Integrating IM applications - OFI
krzak at hakore.com
Mon Jan 17 23:19:19 EET 2005
Użytkownik Robert Wittams napisał:
>> and daemon will have to ask somebody... um.... maybe the rest of
>> applications. somehow.
> Are you dense?
Sorry but I can't discuss with you anymore.
> The applications inform the daemon *when the status
> changes*. The daemon *does not query*.
>>> The other option is for every single app to know what presence info
>>> every single other app needs. This seems to lead to a huge amount or
>>> duplication( ie memory pressure), not to mention its incredibly hard to
>>> debug this with hetrogenous clients.
>> How about broadcast only at startup, and signals to update data directly
>> to specified apps ? because this is how it should work.
> "specified apps". So every single app that provides presence info now
> has to know about every single app that wants it. Thats efficient.
>> no deameon, no d-bus with xml parsing, no glib could be more effecient
>> way. It's not a point. The point is, why duplicate functionality,
>> decrasing usability.
> What on earth are you talking about?
>> It's not a good way for the feature. Every specification would use
>> daemon to process data
>> Daemon as a support, optional engine, with special function whatever -
>> ok, but not as a integral part of multidesktop environment if is not
> Yes, lets have multiple pointlessly incompatible models. Thats the way
> forward. Shall we have an option like this:
> Make presence work properly? yes/no
answer could be : use KDE. But it have no sense, sorry.
>> activation services is not what D-BUS is created for, it's designed to
>> be a message bus, not activation bus. You don't need D-BUS to activate
>> services, but if using D-BUS then use it not only to activate.
>> "D-BUS is a message bus system, a simple way for applications to talk to
>> one another."
> Are you now actually denying that D-BUS handles activation?
> Why on earth would you make a system based on D-BUS but use some other system for
Isn't it what you suggest ? sorry if I misundestand.
>>> >> Seventh, with daemon you'll process every request, without you don;t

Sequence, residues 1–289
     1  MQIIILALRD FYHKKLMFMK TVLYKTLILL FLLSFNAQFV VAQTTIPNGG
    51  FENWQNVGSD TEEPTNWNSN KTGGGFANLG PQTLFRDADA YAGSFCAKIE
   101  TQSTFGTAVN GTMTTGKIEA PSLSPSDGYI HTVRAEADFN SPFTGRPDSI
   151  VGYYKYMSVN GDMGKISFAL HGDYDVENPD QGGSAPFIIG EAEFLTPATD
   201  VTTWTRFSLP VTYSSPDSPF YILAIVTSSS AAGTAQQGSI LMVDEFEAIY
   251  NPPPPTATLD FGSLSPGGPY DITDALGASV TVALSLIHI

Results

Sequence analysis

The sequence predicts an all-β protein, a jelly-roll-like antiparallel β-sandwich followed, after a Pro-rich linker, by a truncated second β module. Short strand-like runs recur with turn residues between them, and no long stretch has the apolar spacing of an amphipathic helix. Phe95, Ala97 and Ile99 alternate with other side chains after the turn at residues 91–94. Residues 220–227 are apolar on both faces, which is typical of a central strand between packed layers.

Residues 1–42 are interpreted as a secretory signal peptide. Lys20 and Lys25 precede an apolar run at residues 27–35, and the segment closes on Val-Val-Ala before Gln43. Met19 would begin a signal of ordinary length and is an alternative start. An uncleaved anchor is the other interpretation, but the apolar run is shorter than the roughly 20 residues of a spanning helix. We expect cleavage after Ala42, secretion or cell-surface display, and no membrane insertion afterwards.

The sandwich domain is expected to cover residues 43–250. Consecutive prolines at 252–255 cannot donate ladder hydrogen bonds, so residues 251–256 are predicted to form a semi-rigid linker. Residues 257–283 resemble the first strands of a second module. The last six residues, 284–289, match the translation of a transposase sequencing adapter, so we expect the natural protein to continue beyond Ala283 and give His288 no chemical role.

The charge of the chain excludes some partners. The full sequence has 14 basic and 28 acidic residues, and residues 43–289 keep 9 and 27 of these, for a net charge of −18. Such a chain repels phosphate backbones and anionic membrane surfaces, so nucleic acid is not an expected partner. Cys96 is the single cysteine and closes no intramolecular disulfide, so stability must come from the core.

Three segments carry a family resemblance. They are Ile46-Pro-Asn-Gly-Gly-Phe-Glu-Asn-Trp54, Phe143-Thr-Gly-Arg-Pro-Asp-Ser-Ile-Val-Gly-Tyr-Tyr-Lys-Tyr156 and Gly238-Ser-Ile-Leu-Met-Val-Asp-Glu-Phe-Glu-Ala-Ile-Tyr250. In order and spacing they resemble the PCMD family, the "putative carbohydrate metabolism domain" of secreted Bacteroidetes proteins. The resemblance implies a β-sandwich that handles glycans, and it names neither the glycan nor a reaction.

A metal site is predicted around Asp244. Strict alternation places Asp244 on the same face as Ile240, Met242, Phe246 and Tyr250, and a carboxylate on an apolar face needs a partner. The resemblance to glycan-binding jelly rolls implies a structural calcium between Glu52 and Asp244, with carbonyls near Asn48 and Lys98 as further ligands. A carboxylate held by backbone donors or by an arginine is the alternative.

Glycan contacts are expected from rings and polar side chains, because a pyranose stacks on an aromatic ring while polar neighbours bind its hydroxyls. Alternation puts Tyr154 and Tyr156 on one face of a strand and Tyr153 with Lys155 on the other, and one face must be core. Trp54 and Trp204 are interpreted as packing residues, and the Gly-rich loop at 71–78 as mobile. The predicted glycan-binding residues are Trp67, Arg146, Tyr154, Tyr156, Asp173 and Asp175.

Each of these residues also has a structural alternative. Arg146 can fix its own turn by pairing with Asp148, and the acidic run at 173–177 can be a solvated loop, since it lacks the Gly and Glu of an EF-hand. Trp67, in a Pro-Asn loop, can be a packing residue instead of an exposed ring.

>>> >> have to (you can only process you were requested)
>>> This is incoherent. I'll just mention that the daemon only has to
>>> process requests that it knows will be useful for its clients. It can
>>> throw away or not even listen for other ones : eg look at fam or
>> and check why people ask that gnome menu do not update automagically...
>> because there is no fam running, or do not work for some reason.
>> Nevemind. I know it's configuration/installation problem but problem
>> exists and I don't care about more such problems.
> Yes, and lets mention that people ask why the sky is blue here as well.
> Its irrelevant, but who cares?
> People who are
> a) Not able to set up their systems
> b) Choose not to use an easy distro
> Can never dictate fundamental design decisions. They are irrelevant to
> the discussion.
propably you right, I just keep in mind slackware users all the time.. I
>>> D-BUS is for activating and bidirectionally communicating with shared
>>> services. D-BUS is not a holy war against all other daemons.
>> right, but it's to be a interdesktop communication bridge, if not, why
>> we don't use DCOP, KDE use it and it work fair good, tested and all that
> yes, but, here is an unrelated fact that has nothing to do with your
> point. We all know why we don't use DCOP: it is tied to Qt, which is
> licence incompatible with a lot of desktop software. The fact that you
> personally don't understand D-BUS isn't a good reason to dismiss it.
but we could write dcop-like/compatibe bus propably.
All the time I say that D-BUS should be used.
>> I don't get why is D-BUS there for, everything seems to be done
>> outside D-BUS. Simple library with few functions API is enought.
> Do you really not see the point in a common message bus? We are talking
> about multiple processes here... DBUS is the substrate for multi-app
> protocols. That doesn't mean it shoudl subsume the functionality of
> every single app that uses it.
>> Look at wel... X Protocol based specifications... they don't have won
>> daemons but they could, and now you can implement it in a way you want
>> and be sure will work, witk gtk, with Xlibs, in any other way because
>> every desktop have his own best way to do it
> I honestly have no idea what you are trying to say here.
> Are you saying that the X Protocol does not have a daemon? What do you
> think that the X Server is? It isn't a good idea to store this kind of
> state in the X server ( think about the common situation where all of
> the clients are on one machine and the X Server is on another. Look at
> the clipboard thread for examples of how this can bite.)
and most things can be done with this one daemon wihout additional
uneccesary daemon for every extension.
>> I don't mind to argue and don't mind to said that somebody did wrong.
>> I just want to be sure that nobody will ever could accuse that i've
>> promoted such solution.
> This is incoherent. You are promoting a solution that has been pointed
> out to be sub optimal, and so far the only points that have been made
> from your side are:
> "ligth-weight manner :-)" as if that constitutes some kind of
> a lack of knowledge of D-BUS.
> In your next rambling reply, please address the following point directly:
> Why is a single extra process heavyweight? To help in your merry quest,
> keep in mind this fact: processes are cheap. Especially if they are long
I don't mean it's to heavy, it's just unecessary.
code of additional daemon as a part of specification is to much - you
shouldn't force to use daemon as a integral part of specification which
may be commonly used.
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